In business failure to plan and failure to execute can have catastrophic consequences. In a business environment driven (for public companies) by quarterly expectations, longer term planning has fallen from favor in many, perhaps most, large companies. No time to plan. No budget for planning. We're too busy making our numbers to plan. We're too busy selling. Can't afford to bring the management team off site for 2 or 3 days. Nobody cares about plans.
Someone else (I think), said, "Each day of planning will save two days of execution." I can't prove it, but I strongly believe it.
A failure to plan and execute as in the case of Katrina will have myriad political consequences in addition to human and economic consequences. On Friday (9/2), a portion of The NewsHour was devoted to a conversation among David Brooks, Tom Oliphant, and Clarence Page that addressed the possible political consequences of the many failures regarding the responses to Katrina. The video, audio, and transcript are here. Brooks was particularly eloquent. Here's a snippet:
DAVID BROOKS: This is -- first of all it is a national humiliation to see bodies floating in a river for five days in a major American city. But second, you have to remember, this was really a de-legitimization of institutions.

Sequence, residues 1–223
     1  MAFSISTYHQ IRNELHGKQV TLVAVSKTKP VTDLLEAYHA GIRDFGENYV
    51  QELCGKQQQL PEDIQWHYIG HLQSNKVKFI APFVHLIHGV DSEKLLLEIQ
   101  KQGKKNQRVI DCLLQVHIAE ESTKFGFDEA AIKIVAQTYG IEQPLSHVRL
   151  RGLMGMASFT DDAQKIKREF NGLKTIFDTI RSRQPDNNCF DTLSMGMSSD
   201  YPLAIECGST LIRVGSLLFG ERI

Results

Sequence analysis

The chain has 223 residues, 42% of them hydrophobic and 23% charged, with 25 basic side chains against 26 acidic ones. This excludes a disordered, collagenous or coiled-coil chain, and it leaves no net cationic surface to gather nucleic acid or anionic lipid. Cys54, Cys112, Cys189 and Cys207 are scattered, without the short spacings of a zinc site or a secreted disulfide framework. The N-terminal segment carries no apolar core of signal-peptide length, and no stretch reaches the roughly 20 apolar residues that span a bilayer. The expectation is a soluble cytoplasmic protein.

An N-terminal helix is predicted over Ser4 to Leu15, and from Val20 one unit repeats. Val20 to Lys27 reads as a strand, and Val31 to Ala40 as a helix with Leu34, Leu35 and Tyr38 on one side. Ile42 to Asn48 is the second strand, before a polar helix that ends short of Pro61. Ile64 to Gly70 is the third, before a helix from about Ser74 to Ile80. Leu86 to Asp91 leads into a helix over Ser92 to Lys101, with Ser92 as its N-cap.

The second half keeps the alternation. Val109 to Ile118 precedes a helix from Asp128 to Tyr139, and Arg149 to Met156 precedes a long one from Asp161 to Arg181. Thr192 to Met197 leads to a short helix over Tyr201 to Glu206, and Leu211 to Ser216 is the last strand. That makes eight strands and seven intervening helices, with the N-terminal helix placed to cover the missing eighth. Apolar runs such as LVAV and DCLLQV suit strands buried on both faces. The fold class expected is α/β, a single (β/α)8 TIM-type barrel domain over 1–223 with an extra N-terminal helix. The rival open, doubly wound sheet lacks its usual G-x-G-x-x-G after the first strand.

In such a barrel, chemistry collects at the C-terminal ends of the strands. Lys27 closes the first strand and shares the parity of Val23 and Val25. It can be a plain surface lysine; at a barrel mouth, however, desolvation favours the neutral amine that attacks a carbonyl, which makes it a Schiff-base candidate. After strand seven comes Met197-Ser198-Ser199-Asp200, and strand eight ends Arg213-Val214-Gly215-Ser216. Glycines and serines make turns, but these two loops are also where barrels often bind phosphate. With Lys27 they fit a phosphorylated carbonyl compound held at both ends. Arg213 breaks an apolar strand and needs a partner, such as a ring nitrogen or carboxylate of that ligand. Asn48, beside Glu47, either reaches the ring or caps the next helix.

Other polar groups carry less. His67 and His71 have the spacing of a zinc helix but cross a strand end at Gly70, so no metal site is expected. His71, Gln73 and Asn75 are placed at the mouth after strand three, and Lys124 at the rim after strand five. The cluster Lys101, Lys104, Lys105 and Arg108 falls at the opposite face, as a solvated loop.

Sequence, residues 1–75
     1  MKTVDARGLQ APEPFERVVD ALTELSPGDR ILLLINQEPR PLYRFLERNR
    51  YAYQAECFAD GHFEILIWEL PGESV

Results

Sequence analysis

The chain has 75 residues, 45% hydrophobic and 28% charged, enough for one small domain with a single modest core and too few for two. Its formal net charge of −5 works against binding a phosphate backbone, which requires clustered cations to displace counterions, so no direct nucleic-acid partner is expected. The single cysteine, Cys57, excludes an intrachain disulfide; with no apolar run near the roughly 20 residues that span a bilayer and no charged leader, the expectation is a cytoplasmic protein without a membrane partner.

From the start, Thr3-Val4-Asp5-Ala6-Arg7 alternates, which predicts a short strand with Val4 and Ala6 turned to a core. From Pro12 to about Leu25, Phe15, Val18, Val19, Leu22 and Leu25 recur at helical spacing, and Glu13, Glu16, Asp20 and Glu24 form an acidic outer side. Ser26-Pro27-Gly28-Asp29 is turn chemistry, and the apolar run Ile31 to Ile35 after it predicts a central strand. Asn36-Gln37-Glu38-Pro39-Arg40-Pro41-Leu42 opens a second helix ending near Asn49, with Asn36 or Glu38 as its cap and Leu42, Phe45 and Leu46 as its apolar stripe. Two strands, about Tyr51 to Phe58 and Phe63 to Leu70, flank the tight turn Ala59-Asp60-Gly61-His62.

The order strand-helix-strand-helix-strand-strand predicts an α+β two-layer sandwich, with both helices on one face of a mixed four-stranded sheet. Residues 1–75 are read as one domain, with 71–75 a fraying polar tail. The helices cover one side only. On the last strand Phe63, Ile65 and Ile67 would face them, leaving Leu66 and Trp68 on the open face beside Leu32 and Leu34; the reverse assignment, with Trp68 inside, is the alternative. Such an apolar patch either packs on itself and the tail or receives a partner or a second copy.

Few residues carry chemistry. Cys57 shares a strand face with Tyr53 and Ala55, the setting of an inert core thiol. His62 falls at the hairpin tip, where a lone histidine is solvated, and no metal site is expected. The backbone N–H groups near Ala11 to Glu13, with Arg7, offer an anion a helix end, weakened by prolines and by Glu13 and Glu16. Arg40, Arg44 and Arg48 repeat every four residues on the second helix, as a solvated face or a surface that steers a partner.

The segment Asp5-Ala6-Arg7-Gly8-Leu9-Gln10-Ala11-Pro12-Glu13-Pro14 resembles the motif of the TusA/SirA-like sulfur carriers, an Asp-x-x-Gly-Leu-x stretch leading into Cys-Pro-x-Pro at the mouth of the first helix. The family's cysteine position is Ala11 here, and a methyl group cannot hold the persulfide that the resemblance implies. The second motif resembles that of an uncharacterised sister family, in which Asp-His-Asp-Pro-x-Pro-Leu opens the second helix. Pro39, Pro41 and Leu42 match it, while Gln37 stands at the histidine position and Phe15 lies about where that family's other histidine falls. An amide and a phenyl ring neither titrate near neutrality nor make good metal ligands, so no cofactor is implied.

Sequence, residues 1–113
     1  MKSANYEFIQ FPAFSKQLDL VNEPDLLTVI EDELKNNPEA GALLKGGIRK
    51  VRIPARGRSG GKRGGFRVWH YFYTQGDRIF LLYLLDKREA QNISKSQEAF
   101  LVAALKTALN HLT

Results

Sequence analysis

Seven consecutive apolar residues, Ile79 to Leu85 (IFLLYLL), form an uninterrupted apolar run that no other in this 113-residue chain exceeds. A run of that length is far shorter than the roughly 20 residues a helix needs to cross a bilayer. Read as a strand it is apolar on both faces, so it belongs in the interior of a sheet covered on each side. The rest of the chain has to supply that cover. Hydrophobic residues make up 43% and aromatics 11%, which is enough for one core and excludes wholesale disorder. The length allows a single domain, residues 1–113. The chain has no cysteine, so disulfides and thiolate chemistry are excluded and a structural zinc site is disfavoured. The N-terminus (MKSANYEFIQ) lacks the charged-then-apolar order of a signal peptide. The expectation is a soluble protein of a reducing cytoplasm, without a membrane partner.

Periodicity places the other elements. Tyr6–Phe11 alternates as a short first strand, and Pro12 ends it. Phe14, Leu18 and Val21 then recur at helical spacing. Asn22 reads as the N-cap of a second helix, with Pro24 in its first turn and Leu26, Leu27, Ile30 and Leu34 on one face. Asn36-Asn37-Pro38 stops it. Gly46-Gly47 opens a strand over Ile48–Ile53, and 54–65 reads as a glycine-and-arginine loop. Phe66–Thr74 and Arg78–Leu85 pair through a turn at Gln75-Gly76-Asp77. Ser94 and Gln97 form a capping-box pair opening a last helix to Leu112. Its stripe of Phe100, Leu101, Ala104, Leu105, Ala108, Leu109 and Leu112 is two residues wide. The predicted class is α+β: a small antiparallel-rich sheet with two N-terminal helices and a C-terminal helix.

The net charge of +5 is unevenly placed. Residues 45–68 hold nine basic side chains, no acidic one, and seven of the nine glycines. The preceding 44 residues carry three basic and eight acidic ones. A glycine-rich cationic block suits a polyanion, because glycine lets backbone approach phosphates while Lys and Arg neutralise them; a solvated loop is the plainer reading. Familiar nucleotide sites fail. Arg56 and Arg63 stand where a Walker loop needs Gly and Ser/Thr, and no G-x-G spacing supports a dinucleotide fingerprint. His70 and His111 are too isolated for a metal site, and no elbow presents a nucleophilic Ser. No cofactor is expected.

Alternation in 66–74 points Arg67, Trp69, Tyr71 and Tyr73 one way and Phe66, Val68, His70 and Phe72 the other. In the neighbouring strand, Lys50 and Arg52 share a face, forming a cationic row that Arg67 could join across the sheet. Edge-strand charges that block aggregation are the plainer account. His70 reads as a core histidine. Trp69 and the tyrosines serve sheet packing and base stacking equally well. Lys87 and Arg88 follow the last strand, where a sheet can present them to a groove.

Our institutions completely failed us and it is not as if it is the first in the past three years -- this follows Abu Ghraib, the failure of planning in Iraq, the intelligence failures, the corporate scandals, the media scandals.
We have had over the past four or five years a whole series of scandals that soured the public mood. You've seen a rise in feeling the country is headed in the wrong direction.
And I think this is the biggest one and the bursting one, and I must say personally it is the one that really says hey, it feels like the 70s now where you really have a loss of faith in institutions. Let's get out of this mess. And I really think this is so important as a cultural moment, like the blackouts of 1977, just people are sick of it.